One Fast Frog
Kermit-the-Frog green. That is how Jason Dale, owner of Black Forest Motorsport in Cheektowaga, N.Y., describes his 2002 Audi Allroad 2.7T Quattro.
While the semi-off-road ability of the vehicle may make it different than your average wagon, Dale admits it’s the color that immediately stands out for people.
“When you see it in person and clean, it’s a really good-looking car,” Dale says. “The interior looks bright and scary in pictures, but it’s a really nice, well-put-together combination,” he adds, explaining how it’s a mixture of green and gray on the inside.
What Dale was looking for when he bought the Audi was a vehicle with a six-speed stick and option for a third seat.
“I was specifically looking for a European wagon with a manual transmission,” Dale said. “My shop works on nothing but European cars, so I needed an image car of some sort. The third seat was necessary for the few times that the kids wanted to bring friends to the movies, and for those of us who used to have to ride in mom and dad’s old Country Squire wagons, playing tailgunner was the best seat in the house.”
With ample seat space out of the way, Dale set about adding some extra speed to the Allroad so he could race it on drag strips.
“It’s what they call a stage-three car, when you upgrade the turbos,” Dale explains, noting that the 2.7-liter engine’s turbos are larger than the originals, increasing horsepower from 250 to 350, and torque from 258 to 370 lbs-ft. “The hardcore Allroad Audi guys like to have the wagon and dust off things like Camaros. To be honest, you don’t see a lot of stage-three Allroads.”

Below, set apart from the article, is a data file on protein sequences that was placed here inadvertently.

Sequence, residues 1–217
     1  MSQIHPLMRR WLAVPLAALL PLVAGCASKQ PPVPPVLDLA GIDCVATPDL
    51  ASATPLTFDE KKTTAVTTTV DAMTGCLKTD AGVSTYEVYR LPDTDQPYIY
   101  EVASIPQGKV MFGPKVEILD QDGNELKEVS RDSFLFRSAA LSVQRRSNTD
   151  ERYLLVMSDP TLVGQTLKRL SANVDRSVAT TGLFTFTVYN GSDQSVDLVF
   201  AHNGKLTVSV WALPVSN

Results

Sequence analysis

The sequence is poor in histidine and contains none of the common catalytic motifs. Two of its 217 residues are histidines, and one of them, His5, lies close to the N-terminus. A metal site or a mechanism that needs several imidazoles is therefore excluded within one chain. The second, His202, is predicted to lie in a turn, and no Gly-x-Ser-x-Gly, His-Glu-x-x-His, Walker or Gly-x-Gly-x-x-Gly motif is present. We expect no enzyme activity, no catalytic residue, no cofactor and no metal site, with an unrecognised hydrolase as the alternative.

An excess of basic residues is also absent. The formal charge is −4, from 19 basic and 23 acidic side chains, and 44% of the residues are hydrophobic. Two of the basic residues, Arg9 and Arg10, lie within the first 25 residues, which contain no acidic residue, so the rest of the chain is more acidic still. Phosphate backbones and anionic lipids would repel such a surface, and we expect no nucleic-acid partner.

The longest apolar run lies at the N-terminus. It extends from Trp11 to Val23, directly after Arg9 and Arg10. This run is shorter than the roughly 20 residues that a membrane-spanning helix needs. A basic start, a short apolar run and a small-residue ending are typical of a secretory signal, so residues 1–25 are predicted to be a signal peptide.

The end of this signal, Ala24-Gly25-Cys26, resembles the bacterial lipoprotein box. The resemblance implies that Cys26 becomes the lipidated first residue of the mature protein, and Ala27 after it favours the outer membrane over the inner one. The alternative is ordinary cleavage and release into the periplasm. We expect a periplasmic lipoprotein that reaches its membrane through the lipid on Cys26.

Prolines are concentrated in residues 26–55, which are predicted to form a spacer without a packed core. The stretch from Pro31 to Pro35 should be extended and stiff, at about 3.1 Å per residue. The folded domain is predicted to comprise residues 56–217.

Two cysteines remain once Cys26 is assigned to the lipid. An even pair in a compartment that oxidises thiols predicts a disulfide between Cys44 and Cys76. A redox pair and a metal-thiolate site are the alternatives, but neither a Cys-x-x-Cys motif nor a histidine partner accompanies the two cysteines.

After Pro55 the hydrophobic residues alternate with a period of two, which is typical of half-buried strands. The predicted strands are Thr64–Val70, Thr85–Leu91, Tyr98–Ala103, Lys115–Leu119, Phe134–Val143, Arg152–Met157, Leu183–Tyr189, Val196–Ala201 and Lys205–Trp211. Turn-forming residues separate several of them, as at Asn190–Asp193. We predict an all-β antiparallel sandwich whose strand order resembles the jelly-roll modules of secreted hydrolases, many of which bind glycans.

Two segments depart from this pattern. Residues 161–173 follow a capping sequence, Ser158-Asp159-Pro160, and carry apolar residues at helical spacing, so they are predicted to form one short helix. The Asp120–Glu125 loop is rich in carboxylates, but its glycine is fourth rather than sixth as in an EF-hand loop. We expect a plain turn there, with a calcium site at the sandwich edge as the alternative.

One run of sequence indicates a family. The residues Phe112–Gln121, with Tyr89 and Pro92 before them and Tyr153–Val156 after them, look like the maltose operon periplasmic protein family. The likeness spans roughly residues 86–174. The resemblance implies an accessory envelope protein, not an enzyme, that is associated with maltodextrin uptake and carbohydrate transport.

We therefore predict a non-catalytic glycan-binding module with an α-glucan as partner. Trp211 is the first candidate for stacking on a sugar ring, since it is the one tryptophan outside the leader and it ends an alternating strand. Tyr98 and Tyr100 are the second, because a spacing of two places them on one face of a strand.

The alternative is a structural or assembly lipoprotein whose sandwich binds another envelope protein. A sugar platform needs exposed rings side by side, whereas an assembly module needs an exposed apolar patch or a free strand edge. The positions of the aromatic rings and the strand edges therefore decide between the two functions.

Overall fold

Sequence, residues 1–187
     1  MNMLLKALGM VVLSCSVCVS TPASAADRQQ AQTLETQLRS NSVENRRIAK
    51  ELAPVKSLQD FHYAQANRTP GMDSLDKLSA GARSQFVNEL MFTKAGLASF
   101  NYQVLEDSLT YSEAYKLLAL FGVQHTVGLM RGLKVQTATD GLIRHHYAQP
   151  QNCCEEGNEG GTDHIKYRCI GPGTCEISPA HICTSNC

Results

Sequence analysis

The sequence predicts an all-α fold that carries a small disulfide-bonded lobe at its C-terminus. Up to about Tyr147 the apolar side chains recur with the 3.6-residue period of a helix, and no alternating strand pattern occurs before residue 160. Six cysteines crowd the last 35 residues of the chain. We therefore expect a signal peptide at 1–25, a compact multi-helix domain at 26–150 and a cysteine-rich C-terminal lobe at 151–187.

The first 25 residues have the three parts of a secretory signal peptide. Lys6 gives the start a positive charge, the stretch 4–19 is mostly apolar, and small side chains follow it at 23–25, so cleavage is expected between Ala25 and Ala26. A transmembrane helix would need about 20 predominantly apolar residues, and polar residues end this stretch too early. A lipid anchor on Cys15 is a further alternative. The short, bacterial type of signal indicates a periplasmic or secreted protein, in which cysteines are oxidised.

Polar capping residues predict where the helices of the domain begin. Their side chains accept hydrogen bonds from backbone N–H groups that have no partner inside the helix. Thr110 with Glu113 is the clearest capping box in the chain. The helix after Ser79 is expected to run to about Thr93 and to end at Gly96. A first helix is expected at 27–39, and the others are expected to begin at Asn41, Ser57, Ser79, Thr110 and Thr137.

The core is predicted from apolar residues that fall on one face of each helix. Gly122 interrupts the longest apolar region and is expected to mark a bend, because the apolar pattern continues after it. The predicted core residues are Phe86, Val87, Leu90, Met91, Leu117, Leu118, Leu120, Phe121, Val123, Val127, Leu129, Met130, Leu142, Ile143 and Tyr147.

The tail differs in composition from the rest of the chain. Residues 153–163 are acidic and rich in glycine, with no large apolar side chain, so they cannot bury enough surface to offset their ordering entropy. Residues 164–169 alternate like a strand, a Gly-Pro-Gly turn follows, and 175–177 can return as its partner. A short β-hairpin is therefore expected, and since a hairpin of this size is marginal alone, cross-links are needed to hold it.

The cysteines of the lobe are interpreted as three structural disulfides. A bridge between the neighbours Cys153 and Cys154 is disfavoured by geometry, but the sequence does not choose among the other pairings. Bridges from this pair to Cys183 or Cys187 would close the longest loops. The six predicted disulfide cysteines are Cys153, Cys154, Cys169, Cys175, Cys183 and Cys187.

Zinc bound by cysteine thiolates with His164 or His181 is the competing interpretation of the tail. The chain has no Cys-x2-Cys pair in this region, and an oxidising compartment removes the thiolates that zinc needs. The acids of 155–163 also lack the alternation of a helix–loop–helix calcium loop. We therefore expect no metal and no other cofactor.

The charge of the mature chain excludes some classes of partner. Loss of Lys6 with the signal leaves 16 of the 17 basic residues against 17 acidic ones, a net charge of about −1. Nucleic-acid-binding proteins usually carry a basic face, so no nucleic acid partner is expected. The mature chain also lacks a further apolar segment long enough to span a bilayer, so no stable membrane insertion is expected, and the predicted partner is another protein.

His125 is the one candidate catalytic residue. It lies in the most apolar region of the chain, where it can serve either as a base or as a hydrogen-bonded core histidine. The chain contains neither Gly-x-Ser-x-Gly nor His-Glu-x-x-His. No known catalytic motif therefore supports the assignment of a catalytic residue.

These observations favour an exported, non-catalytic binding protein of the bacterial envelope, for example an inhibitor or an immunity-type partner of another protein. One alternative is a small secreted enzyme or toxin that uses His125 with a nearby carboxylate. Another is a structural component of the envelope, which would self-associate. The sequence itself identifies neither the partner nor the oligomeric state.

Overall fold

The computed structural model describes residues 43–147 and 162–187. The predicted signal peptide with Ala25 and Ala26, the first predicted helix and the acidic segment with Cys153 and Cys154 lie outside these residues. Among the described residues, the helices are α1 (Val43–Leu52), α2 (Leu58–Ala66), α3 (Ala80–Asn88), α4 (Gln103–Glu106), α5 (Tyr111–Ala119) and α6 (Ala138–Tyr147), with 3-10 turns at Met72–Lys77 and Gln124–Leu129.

In fact, he’s almost certain it’s the only one in town.
Getting the Audi to that point, however, took a lot of work. Since it was “dead stock” when he bought it, the first thing he did was install GIAC software—the software needed to help the car bypass horsepower restrictions.
“A software upgrade nets me 65 horsepower over stock,” Dale explains. “So that’s why I went with the one-size-larger turbos. I was looking for more power than just a software upgrade can give me.”
To help get that power to the pavement more effectively, Dale also installed a short shift kit.
There have been ancillary upgrades as well, or what Dale calls complimentary upgrades, for better handling—Hotchkis sway bars, for example.
“That wasn’t a power thing, but more of a feel thing,” Dale says.
But just because he was trying to make the car handle better doesn’t mean he didn’t give the car some ferocity. When he installed the Magnaflow 2.5-inch stainless exhaust system, it was much too quiet. Rear mufflers were cut out, and a straight pipe with 4-inch polished tips put in their place so they roared while he drove around road courses, drag strips, and the slick tracks for ice-driving events he attends.
“It’s more for fun,” Dale says of the races, adding that it’s really the only time he gets to test out the added horsepower and torque. “As far as track events go, I’m into the local European car enthusiast community. There’s a lot of general get-togethers and I tend to participate in those.”
Of the three Audis he owns, Dale says his Kermit-the-Frog-green Allroad is driven daily. After installing fueling and meth injection upgrades, Dale admits he’ll have created one fast frog.